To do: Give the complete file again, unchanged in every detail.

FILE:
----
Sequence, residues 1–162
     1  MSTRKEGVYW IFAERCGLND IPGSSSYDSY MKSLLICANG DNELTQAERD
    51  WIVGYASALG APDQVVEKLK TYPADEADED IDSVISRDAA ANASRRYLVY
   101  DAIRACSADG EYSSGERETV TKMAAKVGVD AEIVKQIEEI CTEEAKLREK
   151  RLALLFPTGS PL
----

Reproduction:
Sequence, residues 1–162
     1  MSTRKEGVYW IFAERCGLND IPGSSSYDSY MKSLLICANG DNELTQAERD
    51  WIVGYASALG APDQVVEKLK TYPADEADED IDSVISRDAA ANASRRYLVY
   101  DAIRACSADG EYSSGERETV TKMAAKVGVD AEIVKQIEEI CTEEAKLREK
   151  RLALLFPTGS PL